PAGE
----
LGBT Seniors Face Healthcare and Treatment Discrimination

By Phil G Zepeda

According to the National Council on Aging, up to 3.8 million older Americans identify themselves as LGBT. This number is estimated to rise to 7.2 million by 2030. The survey also states, “LGBT seniors are more likely than other seniors to be economically insecure and to have chronic conditions such a drug and alcohol addiction, cancer and obesity. Yet stigma and isolation can prevent LGBT seniors from seeking necessary assistance from health and social service organizations.”

In March 2012, Services and Advocacy for GLBT Elders (SAGE) and New York City’s Department for the Aging cut the ribbon for the SAGE Innovative Senior Center. “It is the first center of its kind in the city that will provide social services to lesbian, gay, bisexual and transgender seniors.” It is a “full service” center that will provide food and other services to the community.

Such comprehensive services as those offered at this center are not the norm in the US today. According to a University of Pittsburgh Graduate School of Public Health presentation, older LGBT adults:

  • Are mostly invisible
  • Don’t generally identify publicly as members of the greater LGBT community
  • Are at high risk for substance abuse because of past negative social attitudes

Older LGBT individuals also face social services discrimination, healthcare discrimination, housing discrimination and antigay emotional abuse. They tend to be silent about this both inside and outside the LGBT community.

According to the DC Center for the LGBT Community, seniors in this demographic experience higher percentages of:

  • Poverty and economic insecurity
  • Lack of health insurance
  • Institutional discrimination
  • Rectal and anal cancer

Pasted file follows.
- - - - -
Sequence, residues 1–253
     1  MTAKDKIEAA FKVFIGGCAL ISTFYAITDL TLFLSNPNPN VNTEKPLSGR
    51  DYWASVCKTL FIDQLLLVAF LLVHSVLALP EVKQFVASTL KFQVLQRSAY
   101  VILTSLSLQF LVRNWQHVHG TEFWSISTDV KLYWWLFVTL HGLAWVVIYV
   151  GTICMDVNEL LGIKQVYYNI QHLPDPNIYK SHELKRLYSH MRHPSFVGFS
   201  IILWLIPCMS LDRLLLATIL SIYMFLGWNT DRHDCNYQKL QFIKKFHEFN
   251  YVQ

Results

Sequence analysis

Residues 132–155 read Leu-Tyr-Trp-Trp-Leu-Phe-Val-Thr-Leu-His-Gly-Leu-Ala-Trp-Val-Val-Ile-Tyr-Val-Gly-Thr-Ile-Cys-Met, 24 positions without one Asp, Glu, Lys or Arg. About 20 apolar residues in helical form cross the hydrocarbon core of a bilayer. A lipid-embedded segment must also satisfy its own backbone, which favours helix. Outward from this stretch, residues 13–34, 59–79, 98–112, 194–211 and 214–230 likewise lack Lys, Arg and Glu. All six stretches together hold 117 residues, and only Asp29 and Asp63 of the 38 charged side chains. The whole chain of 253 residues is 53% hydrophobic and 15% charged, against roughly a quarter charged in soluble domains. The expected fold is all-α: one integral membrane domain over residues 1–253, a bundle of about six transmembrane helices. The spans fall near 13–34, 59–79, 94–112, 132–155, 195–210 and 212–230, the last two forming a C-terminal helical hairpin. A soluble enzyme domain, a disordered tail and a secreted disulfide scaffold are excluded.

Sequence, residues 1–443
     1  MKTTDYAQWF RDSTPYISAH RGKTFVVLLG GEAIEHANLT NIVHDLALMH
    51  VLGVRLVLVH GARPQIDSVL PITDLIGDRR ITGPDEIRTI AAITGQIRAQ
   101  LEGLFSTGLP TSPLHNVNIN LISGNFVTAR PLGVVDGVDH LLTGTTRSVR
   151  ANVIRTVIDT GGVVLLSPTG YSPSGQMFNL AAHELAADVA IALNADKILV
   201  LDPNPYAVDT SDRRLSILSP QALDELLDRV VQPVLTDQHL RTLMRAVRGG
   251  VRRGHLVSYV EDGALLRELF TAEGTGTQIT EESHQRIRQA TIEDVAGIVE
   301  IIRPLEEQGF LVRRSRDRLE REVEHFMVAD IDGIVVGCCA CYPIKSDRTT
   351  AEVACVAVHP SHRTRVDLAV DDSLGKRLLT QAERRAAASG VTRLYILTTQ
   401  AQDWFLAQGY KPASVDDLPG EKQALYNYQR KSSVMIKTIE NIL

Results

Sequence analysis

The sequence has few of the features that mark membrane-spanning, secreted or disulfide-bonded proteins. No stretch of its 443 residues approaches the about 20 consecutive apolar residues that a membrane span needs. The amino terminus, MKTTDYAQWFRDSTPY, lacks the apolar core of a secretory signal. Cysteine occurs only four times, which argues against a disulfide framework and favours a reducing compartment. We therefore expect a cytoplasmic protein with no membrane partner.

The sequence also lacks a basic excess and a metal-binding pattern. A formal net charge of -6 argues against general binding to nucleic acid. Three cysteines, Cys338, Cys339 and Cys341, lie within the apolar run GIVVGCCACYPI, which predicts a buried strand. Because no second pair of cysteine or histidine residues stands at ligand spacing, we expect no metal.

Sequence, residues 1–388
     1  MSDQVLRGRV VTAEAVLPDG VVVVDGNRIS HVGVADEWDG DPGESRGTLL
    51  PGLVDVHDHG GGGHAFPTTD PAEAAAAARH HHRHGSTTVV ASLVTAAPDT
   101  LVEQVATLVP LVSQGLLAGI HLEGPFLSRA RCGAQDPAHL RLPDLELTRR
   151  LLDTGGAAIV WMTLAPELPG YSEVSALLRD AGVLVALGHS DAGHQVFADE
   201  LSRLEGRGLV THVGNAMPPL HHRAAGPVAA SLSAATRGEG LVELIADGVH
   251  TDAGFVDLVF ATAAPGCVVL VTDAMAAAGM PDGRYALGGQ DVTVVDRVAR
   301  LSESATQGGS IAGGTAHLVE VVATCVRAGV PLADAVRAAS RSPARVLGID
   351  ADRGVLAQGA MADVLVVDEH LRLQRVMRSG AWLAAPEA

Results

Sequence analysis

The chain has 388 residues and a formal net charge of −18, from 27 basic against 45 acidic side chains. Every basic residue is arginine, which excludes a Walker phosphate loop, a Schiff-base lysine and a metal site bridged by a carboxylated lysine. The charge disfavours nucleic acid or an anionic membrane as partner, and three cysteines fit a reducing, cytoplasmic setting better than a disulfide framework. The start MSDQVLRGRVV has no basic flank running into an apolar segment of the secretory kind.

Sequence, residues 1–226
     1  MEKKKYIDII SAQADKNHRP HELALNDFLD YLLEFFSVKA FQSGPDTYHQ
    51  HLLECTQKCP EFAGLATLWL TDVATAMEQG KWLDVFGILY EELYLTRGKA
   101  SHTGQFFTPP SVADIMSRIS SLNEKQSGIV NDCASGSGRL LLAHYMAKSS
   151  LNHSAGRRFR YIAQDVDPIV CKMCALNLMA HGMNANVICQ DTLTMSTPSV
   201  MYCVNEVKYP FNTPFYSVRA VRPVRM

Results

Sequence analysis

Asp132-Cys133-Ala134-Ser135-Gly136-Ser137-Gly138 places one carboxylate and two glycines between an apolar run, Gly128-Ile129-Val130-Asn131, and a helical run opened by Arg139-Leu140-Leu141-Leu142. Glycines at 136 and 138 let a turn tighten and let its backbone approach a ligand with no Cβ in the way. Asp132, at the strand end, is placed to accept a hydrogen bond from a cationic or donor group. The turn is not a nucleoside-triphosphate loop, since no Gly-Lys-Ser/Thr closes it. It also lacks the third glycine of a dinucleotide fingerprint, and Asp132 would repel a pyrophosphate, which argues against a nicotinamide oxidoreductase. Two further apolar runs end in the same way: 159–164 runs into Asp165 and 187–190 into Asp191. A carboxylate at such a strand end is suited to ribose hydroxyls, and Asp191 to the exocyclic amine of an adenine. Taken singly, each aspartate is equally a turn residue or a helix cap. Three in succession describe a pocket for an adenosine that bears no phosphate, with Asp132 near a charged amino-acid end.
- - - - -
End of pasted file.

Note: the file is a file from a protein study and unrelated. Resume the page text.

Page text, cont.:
• Untreated medical conditions
  • PTSD
  • Long-term substance abuse

The National Resource Center on LGBT Aging states that the number of older adults suffering from HIV/AIDS is increasing. In fact, from 2001 to 2007, the number infected individuals aged 50 and older increased 61%.

Recent studies and national surveys on sexuality in older adults found that 53% of adults between ages 65 and 74 and 26% of adults aged 75 to 85 are sexually active with one or more partners. The studies also found that these two age groups were less likely to seek HIV/AIDS testing.

Reports on older LGBT adults newly infected with HIV/AIDS found them struggling to negotiate programs required to manage the infections. Research also indicates that older LGBT individuals experience discrimination and stigma when seeking healthcare to manage infectious diseases.

Studies have shown that, when compared with the general population, gay, lesbian, bisexual and transgender individuals are:

  • More likely to have higher rates of substance abuse
  • Less likely to abstain from alcohol and drug use
  • More likely to continue heavy drinking later in life

Alcohol and drug use among LGBT seniors can be a reaction to homophobia, discrimination or violence they experienced due to their sexual orientation. Substance abuse has been linked to risky sexual behaviors such as practicing unsafe sex or having sex with multiple partners, both of which may increase the likelihood of contracting STDs such as HIV/AIDS.

The underlying causes of substance abuse in older LGBT individuals must be addressed in an integrated, comprehensive LGBT friendly substance abuse treatment program. Substance abuse is also associated with a wide range of mental health problems. When an individual suffers from an addiction and an independently existing mental health disorder, it is referred to as a dual diagnosis. The need for LGBT friendly dual diagnosis treatment programs increases as the number of people in this demographic suffering from dual diagnoses climbs.

In 2010, the US Department of Health and Human Services established the first national resource center for older LGBT individuals. It also established a number of new regulations securing rights of same sex partners in hospitals and nursing homes. There are only a few truly qualified LGBT friendly programs across the nation. Find out what constitutes a quality, integrated LGBT drug and alcohol rehab program.

Article Source:  LGBT Seniors Face Healthcare and Treatment Discrimination